When Google announced that campaign daily budgets could spend up to double their setting, some shrugged and others thought it could cause real problems. A few weeks ago, I asked people on Twitter if they had been impacted by the change and checked in with others who said they’d had issues.
It was a mixed bag. Many have had no issues at all. Others, well, it hasn’t been all roses. Here’s what I heard.
First, some of the good to neutral responses.
“Just like the previous 20 percent incarnation, this has produced no issues (210 accounts in our MCC). It all evens out just fine,” said Brett Dixon, director of DPOM. His agency hasn’t seen any negative impact from the change. Dixon added that some accounts use third-party bid and budget management tools “so that may help with pacing,” but overall he has seen no problems.
Giacomo Iotti says the couple of budget overspends he’s seen in accounts yielded good returns, which of course is the ultimate good.
Nils Rooijmans said he has seen 200 percent daily budget overspends, particularly the first week of the month. He and others, including digital marketing consultant Duane Brown, said they rely on an AdWords script to monitor daily budget overages.
Now for the neutral to bad end of the spectrum.
James Svoboda, CEO of WebRanking, said a new, unproven campaign launched on the seventh day of the month spent 2x the daily budget in each of the first three days it ran. The overspend did not yield a positive return on ad spend. His AdWords rep indicated she had heard similar complaints from several other advertisers. The recommendation he received was to reduce the daily budget by half initially so that the 2x spend limit would be the actual budget limit he’d wanted to set originally.
Melissa Mackey, search supervisor at Gyro, saw something similar with a new campaign launch. The campaign spent its budget very, very quickly, before the agency’s bid management platform Acquisio, which checks spend every 30 minutes, could throttle the spend. Mackey says the entire monthly budget was gone in the first day — in what appeared to have been just a couple of hours. (Google has said it’s impossible for a campaign to spend its entire monthly budget in the first half of the month.) Once the campaign gained some history after a couple of days, it began spending normally, says Mackey, but she wonders what would happen if they weren’t using a bid management system, “We’d be getting killed in many of our campaigns where CPCs are really high.”
“Maybe there’s a reason they still have steering wheels in self-driving cars.”
The campaign spent nearly twice the daily budget of $160 with just four clicks averaging $78.09 each. Not the performance they were looking for with a CPA target of $100.
Levy says nearly all of the problems related to this change that he’s dealt with have been with smart or automated campaigns. “Maybe there’s a reason they still have steering wheels in self-driving cars,” he quipped.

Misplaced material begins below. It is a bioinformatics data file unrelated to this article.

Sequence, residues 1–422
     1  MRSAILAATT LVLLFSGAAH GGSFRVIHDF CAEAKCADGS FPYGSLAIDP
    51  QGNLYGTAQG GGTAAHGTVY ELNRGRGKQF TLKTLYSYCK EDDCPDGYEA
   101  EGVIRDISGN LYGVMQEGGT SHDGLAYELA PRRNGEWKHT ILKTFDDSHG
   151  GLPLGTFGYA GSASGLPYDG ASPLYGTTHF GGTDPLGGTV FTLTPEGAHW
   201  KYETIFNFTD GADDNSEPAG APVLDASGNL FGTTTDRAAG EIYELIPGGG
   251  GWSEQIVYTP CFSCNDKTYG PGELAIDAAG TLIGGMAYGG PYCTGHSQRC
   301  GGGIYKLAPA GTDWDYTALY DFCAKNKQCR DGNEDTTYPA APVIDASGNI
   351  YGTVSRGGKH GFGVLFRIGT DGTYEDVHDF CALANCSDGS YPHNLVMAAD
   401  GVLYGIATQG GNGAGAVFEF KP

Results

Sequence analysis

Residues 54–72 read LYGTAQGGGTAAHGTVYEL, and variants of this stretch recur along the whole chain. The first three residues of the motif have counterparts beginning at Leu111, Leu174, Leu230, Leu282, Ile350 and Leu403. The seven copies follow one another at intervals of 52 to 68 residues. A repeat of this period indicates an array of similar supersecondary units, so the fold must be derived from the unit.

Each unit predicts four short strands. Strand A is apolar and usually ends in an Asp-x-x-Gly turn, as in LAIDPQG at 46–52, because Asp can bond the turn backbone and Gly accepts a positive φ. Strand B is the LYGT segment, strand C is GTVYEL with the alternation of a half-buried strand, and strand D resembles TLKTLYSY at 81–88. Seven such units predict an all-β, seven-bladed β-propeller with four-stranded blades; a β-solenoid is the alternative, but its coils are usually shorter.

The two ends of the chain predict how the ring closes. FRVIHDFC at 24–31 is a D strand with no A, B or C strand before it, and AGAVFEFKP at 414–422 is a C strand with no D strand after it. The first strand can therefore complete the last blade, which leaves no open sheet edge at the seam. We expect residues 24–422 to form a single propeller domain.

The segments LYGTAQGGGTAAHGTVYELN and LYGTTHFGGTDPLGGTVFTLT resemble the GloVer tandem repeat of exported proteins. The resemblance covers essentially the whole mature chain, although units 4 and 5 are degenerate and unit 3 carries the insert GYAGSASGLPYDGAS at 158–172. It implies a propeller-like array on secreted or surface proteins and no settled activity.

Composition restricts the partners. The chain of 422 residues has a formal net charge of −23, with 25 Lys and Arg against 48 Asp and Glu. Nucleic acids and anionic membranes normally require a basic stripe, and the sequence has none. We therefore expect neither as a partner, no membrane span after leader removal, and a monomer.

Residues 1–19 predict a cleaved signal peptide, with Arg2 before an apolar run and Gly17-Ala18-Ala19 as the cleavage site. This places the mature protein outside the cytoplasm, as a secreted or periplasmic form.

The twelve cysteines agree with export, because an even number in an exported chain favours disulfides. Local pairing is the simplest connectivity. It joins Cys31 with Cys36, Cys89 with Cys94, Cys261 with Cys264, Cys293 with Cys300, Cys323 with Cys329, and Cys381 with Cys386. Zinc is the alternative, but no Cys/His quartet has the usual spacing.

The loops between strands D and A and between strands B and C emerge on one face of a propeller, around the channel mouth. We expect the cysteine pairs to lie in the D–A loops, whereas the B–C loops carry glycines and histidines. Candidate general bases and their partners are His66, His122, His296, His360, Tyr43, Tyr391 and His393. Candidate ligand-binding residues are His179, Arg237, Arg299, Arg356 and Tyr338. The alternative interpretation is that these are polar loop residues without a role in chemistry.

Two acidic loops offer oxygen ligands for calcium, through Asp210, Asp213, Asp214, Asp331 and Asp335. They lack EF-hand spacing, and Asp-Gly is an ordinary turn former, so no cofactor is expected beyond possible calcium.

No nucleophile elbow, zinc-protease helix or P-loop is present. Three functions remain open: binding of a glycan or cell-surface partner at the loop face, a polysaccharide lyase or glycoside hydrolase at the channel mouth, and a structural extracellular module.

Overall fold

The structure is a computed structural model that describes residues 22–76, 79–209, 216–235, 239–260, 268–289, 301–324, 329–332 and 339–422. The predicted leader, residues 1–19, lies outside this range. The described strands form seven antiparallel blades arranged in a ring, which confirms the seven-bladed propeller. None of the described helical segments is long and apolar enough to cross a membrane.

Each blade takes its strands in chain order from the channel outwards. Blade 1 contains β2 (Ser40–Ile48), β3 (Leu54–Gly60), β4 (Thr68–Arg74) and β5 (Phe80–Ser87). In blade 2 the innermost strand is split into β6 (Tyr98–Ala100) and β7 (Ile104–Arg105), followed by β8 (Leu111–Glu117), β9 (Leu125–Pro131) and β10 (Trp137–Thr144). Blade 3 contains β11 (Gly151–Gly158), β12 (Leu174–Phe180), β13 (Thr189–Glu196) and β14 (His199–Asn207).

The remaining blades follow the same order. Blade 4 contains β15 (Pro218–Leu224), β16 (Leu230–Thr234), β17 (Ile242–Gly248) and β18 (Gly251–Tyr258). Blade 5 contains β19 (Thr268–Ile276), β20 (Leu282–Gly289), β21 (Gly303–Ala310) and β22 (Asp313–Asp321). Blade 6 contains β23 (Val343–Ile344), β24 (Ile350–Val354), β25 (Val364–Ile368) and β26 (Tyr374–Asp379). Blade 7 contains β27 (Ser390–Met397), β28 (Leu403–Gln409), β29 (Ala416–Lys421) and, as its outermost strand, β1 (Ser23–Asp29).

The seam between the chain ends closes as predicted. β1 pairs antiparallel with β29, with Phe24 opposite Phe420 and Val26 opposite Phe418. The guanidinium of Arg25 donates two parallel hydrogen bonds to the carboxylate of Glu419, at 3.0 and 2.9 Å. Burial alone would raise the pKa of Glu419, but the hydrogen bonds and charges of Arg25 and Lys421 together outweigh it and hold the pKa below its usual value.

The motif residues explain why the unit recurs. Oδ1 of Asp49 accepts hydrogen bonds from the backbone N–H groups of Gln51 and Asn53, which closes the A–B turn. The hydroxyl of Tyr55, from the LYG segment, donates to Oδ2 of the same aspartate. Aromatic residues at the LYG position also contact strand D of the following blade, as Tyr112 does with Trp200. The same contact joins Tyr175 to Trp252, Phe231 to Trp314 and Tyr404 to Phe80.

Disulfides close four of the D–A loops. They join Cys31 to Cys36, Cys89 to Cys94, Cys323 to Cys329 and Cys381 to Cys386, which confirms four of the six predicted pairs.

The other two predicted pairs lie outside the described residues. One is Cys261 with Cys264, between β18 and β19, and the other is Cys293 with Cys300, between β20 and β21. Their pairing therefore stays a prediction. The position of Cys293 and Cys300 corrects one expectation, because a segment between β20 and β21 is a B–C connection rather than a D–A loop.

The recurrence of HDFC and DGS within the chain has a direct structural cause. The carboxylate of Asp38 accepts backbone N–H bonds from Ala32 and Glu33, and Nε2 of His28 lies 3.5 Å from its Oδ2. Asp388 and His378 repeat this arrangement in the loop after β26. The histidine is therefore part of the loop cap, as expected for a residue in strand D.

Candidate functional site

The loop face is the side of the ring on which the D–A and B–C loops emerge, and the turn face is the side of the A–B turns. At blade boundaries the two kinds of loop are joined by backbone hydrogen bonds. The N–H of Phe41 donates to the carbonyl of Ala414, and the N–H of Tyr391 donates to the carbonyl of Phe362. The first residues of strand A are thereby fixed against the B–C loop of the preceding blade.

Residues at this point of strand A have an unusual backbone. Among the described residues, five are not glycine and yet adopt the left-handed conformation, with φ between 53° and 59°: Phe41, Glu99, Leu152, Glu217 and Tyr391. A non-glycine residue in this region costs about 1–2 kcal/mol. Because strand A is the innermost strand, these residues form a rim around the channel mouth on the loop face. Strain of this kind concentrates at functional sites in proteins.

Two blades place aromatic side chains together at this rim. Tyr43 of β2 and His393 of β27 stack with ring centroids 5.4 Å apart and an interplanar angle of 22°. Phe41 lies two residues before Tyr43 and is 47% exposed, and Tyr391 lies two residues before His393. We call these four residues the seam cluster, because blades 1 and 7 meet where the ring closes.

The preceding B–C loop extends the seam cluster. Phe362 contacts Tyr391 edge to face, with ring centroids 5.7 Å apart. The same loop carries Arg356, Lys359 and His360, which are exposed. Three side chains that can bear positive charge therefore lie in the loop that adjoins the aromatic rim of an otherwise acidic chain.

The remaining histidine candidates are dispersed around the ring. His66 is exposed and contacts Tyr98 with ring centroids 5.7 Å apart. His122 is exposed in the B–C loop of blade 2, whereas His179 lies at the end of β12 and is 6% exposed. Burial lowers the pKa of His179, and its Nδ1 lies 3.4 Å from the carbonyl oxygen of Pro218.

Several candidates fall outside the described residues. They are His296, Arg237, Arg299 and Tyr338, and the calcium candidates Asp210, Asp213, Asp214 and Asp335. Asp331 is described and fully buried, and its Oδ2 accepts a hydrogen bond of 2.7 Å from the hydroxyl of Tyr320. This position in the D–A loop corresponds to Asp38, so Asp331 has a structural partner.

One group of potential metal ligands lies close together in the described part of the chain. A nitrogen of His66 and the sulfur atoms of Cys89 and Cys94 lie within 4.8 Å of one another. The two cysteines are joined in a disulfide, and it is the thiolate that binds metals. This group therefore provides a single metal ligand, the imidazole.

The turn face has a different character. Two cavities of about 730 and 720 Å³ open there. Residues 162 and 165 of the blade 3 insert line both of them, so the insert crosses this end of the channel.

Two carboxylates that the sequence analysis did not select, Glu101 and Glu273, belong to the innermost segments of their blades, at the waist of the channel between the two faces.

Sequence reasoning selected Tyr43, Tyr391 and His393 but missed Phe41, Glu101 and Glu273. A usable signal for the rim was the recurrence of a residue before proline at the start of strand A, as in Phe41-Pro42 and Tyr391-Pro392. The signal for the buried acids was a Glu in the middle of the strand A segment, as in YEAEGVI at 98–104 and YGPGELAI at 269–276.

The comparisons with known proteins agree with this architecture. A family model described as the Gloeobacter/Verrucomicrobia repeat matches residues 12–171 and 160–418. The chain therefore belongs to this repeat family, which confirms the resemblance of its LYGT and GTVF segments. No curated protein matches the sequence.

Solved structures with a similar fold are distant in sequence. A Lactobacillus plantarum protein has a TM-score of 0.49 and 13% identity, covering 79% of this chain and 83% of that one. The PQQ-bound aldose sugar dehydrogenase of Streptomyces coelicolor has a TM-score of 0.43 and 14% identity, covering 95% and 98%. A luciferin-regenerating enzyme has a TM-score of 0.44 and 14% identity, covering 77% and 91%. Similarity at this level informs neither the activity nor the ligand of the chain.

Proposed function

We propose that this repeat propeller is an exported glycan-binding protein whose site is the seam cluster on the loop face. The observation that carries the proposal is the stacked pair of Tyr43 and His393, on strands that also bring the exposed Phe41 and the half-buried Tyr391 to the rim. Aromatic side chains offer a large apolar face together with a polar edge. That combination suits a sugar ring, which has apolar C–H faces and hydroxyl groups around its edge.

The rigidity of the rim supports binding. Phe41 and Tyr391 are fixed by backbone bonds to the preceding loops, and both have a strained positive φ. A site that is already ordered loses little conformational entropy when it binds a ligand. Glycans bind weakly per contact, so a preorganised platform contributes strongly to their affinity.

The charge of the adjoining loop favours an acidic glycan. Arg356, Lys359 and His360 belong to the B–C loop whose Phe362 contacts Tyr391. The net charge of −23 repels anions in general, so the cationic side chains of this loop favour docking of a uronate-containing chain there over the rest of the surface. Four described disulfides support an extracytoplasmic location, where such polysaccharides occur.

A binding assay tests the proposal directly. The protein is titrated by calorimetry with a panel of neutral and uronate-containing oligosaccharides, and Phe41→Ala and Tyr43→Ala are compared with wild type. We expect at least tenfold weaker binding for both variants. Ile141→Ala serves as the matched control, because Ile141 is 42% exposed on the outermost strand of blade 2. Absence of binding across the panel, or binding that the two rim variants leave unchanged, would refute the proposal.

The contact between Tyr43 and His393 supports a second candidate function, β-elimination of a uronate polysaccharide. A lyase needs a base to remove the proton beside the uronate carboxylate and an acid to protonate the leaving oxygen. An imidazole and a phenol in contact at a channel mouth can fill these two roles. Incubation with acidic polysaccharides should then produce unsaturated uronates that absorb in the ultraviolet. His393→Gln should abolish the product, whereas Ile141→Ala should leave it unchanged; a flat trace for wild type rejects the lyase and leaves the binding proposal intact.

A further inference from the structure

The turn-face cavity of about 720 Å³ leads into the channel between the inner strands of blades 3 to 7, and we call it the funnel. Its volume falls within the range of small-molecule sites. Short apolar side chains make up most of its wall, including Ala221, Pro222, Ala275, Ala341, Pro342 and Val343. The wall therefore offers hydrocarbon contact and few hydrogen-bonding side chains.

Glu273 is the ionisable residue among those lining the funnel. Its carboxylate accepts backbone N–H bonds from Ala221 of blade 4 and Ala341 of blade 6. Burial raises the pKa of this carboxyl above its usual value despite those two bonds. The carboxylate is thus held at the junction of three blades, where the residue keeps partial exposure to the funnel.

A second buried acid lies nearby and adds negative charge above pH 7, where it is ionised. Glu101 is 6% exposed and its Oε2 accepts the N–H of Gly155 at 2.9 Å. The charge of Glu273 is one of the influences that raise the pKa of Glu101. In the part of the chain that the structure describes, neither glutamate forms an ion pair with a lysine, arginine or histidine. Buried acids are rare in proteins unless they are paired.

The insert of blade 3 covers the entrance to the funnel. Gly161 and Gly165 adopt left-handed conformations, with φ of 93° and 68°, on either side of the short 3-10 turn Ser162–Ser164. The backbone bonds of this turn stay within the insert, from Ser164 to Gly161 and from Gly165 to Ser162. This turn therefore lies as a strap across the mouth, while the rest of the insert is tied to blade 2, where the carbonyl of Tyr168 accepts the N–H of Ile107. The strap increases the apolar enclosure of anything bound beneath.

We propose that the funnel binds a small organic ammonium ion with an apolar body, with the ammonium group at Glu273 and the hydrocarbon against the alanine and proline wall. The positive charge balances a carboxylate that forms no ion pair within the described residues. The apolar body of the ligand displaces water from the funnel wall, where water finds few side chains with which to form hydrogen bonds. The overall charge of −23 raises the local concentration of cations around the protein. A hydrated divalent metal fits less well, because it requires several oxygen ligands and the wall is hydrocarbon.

Evan Levy, director of advertising at Method Savvy, says his team routinely adjusts daily budgets and finds the monthly budget balancing useless. “The idea that a high-touch, high-performance account could have lots of campaigns where the budget is set once for a whole month just doesn’t work in my world.”
For example, he says, one e-commerce client gets much better ROI on the weekends. The team lowers the budgets during the weekdays to ensure that if there happens to be a jump in spend activity, “we don’t go too far over and then have to cut the weekend short because we wasted spend during the week.”
Levy added, “[T]he help documentation Google published after the change offers advertisers very little to avoid the negative impacts of the new rules, and has not been updated since.”
My first thought was that Google would recommend Levy set a monthly budget and let the algorithm figure out the weekday/weekend adjustments based on performance. But from what I’ve gathered, people largely haven’t received suggestions that go beyond the FAQ Google put out after the announcement, and that is short on specifics.
Emma Franks, account manager at Hanapin Marketing, brought up another concern related to smart bidding automation. She says it’s harder to determine whether to use Target CPA or Maximize Conversions smart bidding strategies, for example, when fewer campaigns are “limited by budget.” Franks’s Google rep said that because Maximize Conversions is designed to spend the entire daily budget, it “chases costlier conversions” — raising CPCs — until the daily limit is expended. With the 2x overage factored in, that could have a negative impact on ROAS.
My main takeaway from talking to people about this change is that the machine learning isn’t all that sophisticated yet.
- The biggest vulnerability is with new campaigns.
- Be on alert when using other automation.
- Tools like scripts and bid management platforms can help keep things in check.
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This content was originally published here.